Tony Blair. Photo: Sang Tan - WPA Pool/Getty Images
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When Labour comes to terms with embarrassing Uncle Tony, it can finally start to defend its record

Blair's most memorable legacy, the Iraq war, has Labour MPs distancing themselves from their own time in power. But there's a lot more to the post-1997 years - and some of it's pretty good.

Almost every family has an embarrassing relative – the one who makes eyebrow-raising comments about Chinese gymnasts or once had to be carried out of Aunt Sylvia’s second wedding face down in the top tier of the sponge cake. Even the Middletons, who produced our preternaturally perfect future queen Kate, have one: Uncle Gary, once caught by the News of the World with drugs and ladies of the night in his Ibiza pad, La Maison de Bang Bang.

But that’s enough about a man with lounge-lizard dress sense and a deep tan who has been accused of trading on his personal connections. What I really want to talk about is Tony Blair.

Our former prime minister is the Labour Party’s embarrassing uncle: the rich one who slips you cash but you’d rather people didn’t know is related to you. This was made obvious earlier this month when Blair donated £106,000 to help candidates in 106 of Labour’s target seats. The structure of the donation felt like candidates were being forced to take a test on how they felt about Blairism. In the end, only a handful turned the money down; one of the few who did was a PPC who served in the Iraq war.

This is a decisive moment. All the indications are that the 2015 Labour intake will be more left-leaning than its predecessors – for example, a snapshot poll by CND found that three-quarters of them did not want to renew our commitment to Trident. So it is heartening that so many of them accepted Blair’s money. It suggests the party is finally coming to terms with the legacy of his premiership in a way that recognises the good as well as bemoans the bad.

To be fair, the left has always been more prone to self-flagellation. The ability to criticise your own side can even be an endear­ing trait, particularly when contrasted with the ridiculous over-veneration the right gives to its most divisive leaders. As Simon Heffer argued in these pages in January, some right-wingers call it heresy to mention Winston Churchill’s prejudices and pre-war failures. When Margaret Thatcher died, some newspapers practically patrolled the streets searching for anyone who didn’t look sad enough in order to berate them for their lack of patriotism. Somehow, I doubt the Guardian and Mirror will return the favour when Our Blessed Tony shuffles off this mortal coil. In fact, lefties will probably lead the effigy-burning.

This hypercritical streak has its downsides. In the 2010 Labour leadership election, Ed Miliband’s candidacy was undoubtedly helped by the simple fact that he was not in the Commons at the time of the Iraq war vote in 2003, unlike his brother, David. He is said to have opposed it ­privately at the time but that was a much less difficult decision to make from the safety of Harvard. He simply never faced the choice between party loyalty and conscience. As a result, Ed Miliband was free to reject the toxic legacy of the war, as car bombs scarred Baghdad and instability spread across the region. Because he didn’t have to “own” the decision to back the Iraq misadventure, he was free to present himself as a break with the past.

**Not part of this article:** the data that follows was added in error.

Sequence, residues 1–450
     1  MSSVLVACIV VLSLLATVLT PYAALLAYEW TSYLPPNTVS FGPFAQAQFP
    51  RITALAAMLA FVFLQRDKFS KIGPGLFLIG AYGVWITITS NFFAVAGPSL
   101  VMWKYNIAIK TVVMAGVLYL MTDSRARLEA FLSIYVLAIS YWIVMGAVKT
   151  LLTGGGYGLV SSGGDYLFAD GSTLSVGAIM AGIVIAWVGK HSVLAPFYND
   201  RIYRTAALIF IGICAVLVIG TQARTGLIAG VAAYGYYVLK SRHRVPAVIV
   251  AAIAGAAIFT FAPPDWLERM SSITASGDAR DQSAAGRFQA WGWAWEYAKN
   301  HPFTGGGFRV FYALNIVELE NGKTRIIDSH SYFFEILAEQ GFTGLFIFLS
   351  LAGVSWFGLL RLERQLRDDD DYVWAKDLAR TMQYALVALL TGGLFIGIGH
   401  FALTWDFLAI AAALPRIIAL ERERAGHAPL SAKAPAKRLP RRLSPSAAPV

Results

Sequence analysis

The trouble was, that rejection spread to encompass not just the Iraq war but all the good bits of New Labour. The party’s economic legacy is now defined just the way the Tories want it, by the financial crisis (as if the right would have regulated the banks much more strictly during the boom years) rather than by years of growth, lower poverty rates and higher living standards.

It would have helped, of course, if Blair had behaved differently on leaving office. Even his closest supporters must wish he had dis­appeared from sight and emerged only to show off his nauseating paintings of West Highland terriers, like George W Bush. Instead, there he was, looking harried in open-necked shirts in his role as the Quartet’s Middle East peace envoy. In terms of symbolic reminders of failure, this is like Gordon Brown leaving No 10 and going to work in H Samuel.

As a result, Labour kept feeling the need to distance itself from Blair, hobbling its ability to defend its record. For fear of someone – probably from its own side – shouting “Iraq!”, its politicians and activists have taken a voluntary vow of silence, preventing them from boasting about creating the national minimum wage and enshrining child poverty targets in law. They have been reluctant to mention successes in Kosovo, Northern Ireland or Sierra Leone, even in the same breath as condemning the failure in Iraq. It is now taken for granted how dramatically New Labour changed Britain’s centre of gravity by wrenching the Tory ­party leftwards on social issues such as gay relationships, racial equality and the promotion of women in public life.

As Zoe Williams observed in the Guardian last year: “Even to say that ‘other things happened during the Labour term besides a war many of us did not agree with’ is seen as disrespectful.” At its worst, this distancing strayed into an overt longing for the purity of opposition. If only the Tories had been in government! They never would have gone to war in Ira– sorry, what’s that? They voted for it, too?

I am not arguing that politics should be without morals, or that politicians should not be held to account for their mistakes. But Labour’s failure to come to terms with Blair’s legacy is a microcosm of the new perfectionism sweeping politics, where it feels morally purer to vote None of the Above rather than to risk getting it wrong. I worry that we don’t want politics to involve compromises, or hard choices, or human frailty.

Like any occasionally embarrassing relative, Uncle Tony still causes Labour twinges of shame. But it seems the party is finally ready to acknowledge that he has always been part of the family.

Helen Lewis is deputy editor of the New Statesman. She has presented BBC Radio 4’s Week in Westminster and is a regular panellist on BBC1’s Sunday Politics.